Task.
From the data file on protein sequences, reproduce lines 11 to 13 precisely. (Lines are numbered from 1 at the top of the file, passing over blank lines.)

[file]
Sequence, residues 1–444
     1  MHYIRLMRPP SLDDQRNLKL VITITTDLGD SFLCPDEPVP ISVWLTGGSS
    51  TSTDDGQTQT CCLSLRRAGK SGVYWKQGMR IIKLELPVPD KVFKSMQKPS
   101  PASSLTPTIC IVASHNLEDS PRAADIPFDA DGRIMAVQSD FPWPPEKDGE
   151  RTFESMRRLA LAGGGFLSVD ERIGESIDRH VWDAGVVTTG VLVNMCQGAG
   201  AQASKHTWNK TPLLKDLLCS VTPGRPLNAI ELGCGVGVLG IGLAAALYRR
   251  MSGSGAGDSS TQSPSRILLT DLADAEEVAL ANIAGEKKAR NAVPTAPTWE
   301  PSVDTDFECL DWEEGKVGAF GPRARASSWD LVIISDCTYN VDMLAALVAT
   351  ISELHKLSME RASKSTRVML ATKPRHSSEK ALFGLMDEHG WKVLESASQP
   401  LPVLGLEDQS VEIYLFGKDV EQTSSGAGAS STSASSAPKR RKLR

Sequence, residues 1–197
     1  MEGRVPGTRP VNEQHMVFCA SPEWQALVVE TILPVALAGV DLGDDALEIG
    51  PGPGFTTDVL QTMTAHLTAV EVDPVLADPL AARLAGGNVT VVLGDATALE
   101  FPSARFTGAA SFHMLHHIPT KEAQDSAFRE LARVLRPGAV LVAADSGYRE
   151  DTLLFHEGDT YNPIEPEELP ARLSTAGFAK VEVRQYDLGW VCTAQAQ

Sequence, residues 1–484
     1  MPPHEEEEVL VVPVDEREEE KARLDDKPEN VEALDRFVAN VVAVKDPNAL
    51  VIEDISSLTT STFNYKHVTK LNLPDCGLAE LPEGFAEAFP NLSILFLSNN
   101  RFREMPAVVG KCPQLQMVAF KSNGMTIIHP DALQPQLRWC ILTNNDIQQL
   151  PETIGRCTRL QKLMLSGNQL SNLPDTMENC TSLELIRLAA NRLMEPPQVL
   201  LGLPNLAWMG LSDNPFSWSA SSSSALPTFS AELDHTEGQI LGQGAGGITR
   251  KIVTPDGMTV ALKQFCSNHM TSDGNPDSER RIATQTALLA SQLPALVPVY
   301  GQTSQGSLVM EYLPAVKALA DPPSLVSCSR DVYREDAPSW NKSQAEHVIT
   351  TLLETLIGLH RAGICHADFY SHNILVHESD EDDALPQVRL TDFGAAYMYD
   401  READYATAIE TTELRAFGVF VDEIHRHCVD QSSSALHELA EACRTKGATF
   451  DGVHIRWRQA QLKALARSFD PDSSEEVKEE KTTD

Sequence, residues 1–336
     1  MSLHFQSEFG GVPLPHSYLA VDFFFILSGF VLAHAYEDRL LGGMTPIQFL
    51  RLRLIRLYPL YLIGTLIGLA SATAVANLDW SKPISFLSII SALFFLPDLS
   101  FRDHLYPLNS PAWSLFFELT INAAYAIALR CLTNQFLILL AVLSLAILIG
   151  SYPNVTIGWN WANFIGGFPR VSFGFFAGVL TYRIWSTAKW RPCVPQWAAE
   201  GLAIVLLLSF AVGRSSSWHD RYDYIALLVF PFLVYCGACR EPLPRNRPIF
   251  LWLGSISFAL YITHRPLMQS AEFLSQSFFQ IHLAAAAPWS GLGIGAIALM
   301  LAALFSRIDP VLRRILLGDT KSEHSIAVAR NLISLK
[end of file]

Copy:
Sequence, residues 1–197
     1  MEGRVPGTRP VNEQHMVFCA SPEWQALVVE TILPVALAGV DLGDDALEIG
    51  PGPGFTTDVL QTMTAHLTAV EVDPVLADPL AARLAGGNVT VVLGDATALE